6. For your first several exercise training sessions, do not go to full effort. Full effort is defined as doing the last repetition that you can in a set (a group of repetitions) while maintaining good form and a focus on the muscle group(s) you are working with an exercise.
  7. Keep a simple training log of your workouts. A written log is most simple. Write down your workout before you begin, listing the exercises and the band(s) you will use. After each exercise just write down the number of repetitions you did. After the workout, write down any notes for yourself – about how you did, what to do in the next workout such as better form on an exercise. Again, do this right after the workout rather than later and then possibly forgetting the important points.
  8. In this basic and brief protocol, we will focus on these exercises: squat, deadlift, overhead press, row, and chest press.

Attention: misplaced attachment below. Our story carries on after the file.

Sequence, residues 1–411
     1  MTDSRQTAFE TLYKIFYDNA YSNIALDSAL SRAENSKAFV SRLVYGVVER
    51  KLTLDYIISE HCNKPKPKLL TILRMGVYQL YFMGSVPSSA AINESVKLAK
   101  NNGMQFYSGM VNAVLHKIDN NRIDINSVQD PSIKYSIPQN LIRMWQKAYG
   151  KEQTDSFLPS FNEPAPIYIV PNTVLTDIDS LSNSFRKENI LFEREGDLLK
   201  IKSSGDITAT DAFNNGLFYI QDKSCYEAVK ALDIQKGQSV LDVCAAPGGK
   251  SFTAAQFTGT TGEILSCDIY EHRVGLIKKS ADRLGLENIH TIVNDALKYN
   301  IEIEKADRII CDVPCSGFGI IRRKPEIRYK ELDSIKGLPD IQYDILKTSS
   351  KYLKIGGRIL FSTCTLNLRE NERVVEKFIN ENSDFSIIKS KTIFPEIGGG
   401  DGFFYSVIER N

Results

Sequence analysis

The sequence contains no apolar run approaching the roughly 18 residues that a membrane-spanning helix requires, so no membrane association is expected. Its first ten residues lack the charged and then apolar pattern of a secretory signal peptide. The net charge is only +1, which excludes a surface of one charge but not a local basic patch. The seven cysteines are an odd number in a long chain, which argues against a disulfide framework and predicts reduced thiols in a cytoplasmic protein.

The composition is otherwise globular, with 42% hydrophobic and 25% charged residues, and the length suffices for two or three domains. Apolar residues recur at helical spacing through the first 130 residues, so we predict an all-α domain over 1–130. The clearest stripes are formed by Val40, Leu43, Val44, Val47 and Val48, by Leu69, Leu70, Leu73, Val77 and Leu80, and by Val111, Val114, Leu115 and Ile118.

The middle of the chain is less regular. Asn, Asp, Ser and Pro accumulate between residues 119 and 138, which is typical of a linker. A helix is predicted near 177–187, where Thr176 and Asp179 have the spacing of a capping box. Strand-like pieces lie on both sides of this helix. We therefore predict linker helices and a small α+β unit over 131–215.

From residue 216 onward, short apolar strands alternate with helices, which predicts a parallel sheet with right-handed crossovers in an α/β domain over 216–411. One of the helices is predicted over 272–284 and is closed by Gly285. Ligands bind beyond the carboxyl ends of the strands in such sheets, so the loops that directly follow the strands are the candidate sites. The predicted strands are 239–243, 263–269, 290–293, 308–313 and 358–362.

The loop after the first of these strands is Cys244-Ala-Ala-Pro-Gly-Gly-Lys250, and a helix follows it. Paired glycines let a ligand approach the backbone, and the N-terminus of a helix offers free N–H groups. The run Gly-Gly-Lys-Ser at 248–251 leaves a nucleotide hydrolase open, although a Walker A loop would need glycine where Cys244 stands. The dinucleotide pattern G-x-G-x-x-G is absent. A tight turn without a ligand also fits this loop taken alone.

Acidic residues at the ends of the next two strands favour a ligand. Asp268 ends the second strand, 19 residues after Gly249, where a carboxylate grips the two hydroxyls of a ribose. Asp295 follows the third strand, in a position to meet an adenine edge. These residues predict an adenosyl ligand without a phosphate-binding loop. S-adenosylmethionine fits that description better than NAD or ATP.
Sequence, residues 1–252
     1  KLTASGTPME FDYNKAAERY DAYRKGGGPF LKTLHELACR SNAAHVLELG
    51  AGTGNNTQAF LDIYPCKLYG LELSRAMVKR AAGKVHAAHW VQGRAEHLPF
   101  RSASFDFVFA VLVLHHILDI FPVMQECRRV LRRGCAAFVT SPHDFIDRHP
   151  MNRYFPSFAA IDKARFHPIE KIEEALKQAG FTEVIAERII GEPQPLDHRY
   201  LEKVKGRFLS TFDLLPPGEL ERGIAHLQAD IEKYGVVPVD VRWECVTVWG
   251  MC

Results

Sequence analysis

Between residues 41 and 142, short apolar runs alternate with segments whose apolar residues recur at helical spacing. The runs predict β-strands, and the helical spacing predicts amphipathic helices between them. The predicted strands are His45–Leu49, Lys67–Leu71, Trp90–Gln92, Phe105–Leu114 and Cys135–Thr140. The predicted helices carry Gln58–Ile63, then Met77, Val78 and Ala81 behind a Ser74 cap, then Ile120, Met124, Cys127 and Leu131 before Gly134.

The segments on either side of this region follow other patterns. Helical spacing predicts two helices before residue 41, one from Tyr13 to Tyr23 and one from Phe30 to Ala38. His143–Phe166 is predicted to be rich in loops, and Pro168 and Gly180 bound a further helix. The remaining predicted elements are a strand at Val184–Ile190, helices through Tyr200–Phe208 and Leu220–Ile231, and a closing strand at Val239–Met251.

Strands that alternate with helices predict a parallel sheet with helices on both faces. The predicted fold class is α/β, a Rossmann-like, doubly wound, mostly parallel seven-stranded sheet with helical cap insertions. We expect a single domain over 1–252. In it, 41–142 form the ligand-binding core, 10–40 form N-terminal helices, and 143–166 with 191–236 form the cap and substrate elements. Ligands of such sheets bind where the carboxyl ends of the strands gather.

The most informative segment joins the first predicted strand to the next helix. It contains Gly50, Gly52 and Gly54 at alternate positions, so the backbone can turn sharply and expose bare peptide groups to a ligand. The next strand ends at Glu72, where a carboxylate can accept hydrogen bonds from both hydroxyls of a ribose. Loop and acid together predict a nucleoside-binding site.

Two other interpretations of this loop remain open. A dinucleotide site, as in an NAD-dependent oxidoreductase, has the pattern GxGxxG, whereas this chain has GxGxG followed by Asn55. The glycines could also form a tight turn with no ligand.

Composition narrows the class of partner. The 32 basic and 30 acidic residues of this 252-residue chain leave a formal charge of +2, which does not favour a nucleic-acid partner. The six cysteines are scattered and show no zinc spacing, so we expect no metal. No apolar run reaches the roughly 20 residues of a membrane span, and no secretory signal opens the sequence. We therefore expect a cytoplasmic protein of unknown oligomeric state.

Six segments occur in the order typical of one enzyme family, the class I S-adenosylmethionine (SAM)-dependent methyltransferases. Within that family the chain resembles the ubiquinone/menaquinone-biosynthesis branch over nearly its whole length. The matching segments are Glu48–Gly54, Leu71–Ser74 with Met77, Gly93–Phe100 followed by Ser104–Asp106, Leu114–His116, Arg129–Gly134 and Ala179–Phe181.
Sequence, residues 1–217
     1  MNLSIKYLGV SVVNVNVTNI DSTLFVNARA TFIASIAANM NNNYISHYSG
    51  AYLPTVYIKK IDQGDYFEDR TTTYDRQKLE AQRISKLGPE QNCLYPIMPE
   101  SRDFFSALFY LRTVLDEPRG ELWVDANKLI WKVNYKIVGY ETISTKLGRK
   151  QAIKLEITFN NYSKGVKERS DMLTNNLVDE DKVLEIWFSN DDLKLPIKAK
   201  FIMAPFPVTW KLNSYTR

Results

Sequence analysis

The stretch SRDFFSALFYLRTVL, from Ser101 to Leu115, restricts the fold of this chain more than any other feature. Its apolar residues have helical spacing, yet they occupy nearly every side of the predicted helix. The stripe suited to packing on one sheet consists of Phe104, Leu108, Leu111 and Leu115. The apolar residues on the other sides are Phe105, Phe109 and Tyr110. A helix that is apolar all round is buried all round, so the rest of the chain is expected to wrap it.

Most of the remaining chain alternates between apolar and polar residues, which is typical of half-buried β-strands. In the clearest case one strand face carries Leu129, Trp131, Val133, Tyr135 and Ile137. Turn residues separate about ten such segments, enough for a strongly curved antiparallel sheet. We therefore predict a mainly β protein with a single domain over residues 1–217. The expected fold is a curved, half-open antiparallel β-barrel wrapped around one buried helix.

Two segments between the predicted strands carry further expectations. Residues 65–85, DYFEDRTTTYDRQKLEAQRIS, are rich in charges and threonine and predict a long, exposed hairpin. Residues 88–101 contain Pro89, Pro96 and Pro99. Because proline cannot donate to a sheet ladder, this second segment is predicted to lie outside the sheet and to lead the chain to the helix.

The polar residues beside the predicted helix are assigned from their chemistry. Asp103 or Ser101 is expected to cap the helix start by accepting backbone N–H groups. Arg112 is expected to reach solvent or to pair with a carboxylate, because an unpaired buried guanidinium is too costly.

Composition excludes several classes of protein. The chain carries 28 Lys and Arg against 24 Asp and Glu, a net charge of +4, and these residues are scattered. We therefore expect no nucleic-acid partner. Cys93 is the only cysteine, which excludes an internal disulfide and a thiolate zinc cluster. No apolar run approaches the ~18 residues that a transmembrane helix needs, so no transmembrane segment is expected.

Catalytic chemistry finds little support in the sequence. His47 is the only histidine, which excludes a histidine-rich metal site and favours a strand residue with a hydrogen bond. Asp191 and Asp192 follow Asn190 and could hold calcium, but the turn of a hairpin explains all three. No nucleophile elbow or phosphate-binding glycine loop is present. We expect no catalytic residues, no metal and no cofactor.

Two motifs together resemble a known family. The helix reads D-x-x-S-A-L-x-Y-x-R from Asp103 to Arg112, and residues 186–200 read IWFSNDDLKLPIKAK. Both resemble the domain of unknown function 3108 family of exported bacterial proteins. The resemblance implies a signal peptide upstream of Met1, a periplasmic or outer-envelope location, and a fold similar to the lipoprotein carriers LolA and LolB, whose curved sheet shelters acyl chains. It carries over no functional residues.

9. Take about 1-2 minutes between exercises.
  10. Squat: Place one or two bands on the floor in front of you, laid out flat on the ground. Squat down so your legs are parallel to the floor, or as close as you comfortably can, and grip the bands on both sides so there is some tension even in this low position. Now take about 2-3 seconds to rise up so you are standing up straight, and 2-3 seconds to go into your squat position, and repeat for 10-15 repetitions. Remember in your first several workouts do not go to full effort on this exercise or the others. Just focus on your form and focusing on the muscle groups being trained.